Arthritis Management – Senior Pet Care

Part 1: The Disease

Arthritis tends to be a fact of life for many of our older pets. Current statistics indicate that 20% of dogs over the age of one year have some degree of degenerative joint changes that lead to arthritis and 90% of cats over the age of 12 have evidence of arthritis on radiographs. The cause is simply progressive damage to the joints over the life of the pet – some pets are predisposed to a faster onset of the condition due to conformation (bone structure), others due to obesity and still others due to high impact activity over a long period of time. These lead to stress damage to the joints at a cellular level.

Joints are fluid filled sacs between bones lined with cartilage – a tough substance that cushions impact and has low friction surfaces to allow free movement of the bones within a certain range of movements. Joints have certain predefined shapes depending on the range required. Examples include ball and socket (hips, shoulders), hinge-type (elbows, knees) and fibrous (vertebrae). The carpal or wrist is more complex involving multiple joints between several smaller bones.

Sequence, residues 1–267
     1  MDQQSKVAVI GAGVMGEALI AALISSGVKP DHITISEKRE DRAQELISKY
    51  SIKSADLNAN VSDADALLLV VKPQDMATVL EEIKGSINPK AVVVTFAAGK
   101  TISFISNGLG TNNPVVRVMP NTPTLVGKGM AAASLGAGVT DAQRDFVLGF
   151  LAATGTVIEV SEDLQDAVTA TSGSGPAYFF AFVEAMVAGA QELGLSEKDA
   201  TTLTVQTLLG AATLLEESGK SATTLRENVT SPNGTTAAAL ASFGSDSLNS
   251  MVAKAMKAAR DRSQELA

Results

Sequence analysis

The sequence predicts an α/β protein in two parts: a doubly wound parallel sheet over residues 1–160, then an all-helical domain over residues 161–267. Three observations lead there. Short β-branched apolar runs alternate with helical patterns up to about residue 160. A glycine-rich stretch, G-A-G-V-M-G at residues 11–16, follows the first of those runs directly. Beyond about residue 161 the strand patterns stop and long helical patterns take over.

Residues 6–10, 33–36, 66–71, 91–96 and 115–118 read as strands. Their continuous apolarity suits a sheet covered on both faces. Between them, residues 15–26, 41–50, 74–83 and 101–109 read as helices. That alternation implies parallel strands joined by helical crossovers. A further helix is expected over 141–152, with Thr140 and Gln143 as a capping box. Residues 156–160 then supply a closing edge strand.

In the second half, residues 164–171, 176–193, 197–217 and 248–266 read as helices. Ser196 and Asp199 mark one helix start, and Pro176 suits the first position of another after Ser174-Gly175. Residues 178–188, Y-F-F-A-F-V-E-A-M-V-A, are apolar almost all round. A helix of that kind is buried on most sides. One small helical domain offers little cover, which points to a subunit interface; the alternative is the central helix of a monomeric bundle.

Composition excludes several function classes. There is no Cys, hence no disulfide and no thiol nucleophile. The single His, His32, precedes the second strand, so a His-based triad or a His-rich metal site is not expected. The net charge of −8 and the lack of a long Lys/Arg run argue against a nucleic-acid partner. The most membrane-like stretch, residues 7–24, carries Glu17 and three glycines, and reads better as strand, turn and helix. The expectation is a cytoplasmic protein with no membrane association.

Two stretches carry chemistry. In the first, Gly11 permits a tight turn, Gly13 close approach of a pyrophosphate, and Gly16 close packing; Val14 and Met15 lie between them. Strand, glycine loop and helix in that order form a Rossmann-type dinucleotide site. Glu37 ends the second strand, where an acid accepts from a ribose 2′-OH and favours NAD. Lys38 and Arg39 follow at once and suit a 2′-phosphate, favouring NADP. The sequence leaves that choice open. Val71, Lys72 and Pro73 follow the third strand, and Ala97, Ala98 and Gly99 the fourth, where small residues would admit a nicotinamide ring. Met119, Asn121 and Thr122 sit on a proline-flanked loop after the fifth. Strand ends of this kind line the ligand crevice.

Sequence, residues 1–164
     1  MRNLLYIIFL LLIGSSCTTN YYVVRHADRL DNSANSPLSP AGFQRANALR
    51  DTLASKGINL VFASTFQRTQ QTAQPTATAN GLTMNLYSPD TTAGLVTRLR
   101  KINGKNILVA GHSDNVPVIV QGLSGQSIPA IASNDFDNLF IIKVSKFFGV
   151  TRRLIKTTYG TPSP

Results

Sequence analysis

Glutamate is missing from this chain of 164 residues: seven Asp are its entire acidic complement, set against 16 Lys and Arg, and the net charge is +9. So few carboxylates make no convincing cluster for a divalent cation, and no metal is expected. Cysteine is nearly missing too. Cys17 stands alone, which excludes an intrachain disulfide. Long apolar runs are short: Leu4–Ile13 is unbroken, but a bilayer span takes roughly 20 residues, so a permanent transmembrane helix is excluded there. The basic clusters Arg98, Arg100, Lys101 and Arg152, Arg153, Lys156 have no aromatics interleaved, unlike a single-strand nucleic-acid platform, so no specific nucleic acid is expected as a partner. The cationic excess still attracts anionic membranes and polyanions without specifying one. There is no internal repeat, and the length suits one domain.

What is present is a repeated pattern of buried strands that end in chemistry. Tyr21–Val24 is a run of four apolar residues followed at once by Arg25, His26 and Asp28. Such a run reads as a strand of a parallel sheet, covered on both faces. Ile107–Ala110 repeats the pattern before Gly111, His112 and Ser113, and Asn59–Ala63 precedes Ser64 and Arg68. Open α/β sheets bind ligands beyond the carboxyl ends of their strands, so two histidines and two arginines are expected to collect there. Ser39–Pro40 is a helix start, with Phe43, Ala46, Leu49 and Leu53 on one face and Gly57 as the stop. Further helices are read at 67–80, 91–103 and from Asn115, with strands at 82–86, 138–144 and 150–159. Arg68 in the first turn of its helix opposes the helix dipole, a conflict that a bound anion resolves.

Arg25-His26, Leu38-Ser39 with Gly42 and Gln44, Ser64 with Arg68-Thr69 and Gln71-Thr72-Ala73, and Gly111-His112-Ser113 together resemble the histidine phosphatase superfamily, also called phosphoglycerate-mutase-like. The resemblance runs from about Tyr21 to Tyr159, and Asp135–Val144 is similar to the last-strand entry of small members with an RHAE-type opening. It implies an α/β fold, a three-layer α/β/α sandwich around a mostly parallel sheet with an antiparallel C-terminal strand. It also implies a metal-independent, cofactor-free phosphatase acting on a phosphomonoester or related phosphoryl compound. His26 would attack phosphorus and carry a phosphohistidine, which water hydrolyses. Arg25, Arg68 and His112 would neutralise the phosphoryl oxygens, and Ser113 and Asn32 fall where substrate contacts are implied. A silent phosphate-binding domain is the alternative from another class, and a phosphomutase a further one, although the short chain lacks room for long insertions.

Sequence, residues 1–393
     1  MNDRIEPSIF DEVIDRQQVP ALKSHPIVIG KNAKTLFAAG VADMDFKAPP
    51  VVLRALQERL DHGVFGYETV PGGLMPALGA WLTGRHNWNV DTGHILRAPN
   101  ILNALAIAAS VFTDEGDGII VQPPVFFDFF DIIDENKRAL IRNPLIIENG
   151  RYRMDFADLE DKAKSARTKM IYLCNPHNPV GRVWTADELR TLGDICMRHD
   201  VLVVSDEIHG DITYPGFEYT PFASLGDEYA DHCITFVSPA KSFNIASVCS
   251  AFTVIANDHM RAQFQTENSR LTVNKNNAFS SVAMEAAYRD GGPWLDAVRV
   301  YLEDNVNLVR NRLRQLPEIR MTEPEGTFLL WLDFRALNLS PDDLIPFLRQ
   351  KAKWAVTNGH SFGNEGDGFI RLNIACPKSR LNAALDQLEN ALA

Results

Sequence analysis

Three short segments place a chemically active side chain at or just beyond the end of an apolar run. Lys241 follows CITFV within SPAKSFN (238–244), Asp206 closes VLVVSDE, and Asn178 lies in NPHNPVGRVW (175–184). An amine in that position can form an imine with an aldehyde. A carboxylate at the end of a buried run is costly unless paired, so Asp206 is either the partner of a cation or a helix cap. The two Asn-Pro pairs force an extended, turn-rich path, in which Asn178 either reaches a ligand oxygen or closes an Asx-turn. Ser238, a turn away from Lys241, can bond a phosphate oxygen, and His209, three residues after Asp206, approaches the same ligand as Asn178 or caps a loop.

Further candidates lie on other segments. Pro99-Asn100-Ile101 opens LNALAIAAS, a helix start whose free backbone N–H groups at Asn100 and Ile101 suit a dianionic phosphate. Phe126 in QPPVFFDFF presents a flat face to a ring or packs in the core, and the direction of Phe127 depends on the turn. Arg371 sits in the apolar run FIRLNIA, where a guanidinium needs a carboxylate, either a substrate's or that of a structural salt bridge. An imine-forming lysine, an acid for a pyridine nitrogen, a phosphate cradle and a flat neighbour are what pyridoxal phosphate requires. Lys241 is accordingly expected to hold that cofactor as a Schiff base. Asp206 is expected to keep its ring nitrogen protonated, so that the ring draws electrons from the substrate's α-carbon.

Damage, stress or instability within a joint causes subtle changes in the structure of the cartilage that builds up over time. The changes result in a loss of the cushioning and increased friction; the more it progresses, the more we start to see inflammatory changes. Gradually the cartilage becomes more damaged and loses some of its protective properties. Towards the later stages we see modification in the bone structure with proliferation and roughening of the bone at the joint margins.

This is all very technical: what we see in our pets is stiffness and decreased mobility. Often, the day after a long walk our dogs will take a lot longer to get up and start moving in the morning. Both cats and dogs may avoid jumping as much as they used to and will become more sedentary. In some cases we may see a visible lameness or a change in the pet’s gait and hesitation going up and down stairs. In humans, we have a number of ways of reducing the pain and inflammation to improve mobility and the same is true of pets.


by Dr. Gawen Thompson